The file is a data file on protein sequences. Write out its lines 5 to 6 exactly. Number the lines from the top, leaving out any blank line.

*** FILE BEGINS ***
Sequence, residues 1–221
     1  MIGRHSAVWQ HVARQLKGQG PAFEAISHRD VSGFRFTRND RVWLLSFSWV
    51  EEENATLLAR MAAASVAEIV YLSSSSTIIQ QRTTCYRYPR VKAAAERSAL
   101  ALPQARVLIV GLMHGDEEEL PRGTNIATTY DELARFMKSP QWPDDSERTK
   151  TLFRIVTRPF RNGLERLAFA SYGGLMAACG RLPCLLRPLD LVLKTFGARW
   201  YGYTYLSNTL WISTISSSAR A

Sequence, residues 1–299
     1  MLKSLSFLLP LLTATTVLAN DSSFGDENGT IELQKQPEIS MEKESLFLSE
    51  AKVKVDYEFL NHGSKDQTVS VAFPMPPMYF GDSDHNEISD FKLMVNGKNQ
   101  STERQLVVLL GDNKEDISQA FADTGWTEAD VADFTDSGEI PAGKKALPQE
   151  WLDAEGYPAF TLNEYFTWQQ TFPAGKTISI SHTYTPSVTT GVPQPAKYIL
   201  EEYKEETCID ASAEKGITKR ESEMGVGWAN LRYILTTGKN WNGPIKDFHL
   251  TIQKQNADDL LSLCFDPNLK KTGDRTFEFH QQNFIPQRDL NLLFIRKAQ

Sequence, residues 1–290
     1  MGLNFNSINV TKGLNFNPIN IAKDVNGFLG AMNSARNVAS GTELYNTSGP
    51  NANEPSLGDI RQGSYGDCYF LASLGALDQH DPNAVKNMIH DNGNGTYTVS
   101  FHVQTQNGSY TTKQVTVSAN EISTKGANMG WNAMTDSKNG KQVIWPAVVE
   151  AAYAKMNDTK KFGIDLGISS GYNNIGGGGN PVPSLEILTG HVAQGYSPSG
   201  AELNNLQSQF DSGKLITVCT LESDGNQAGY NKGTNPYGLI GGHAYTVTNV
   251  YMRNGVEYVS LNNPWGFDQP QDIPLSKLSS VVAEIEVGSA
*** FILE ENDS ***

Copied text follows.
   151  TLFRIVTRPF RNGLERLAFA SYGGLMAACG RLPCLLRPLD LVLKTFGARW
   201  YGYTYLSNTL WISTISSSAR A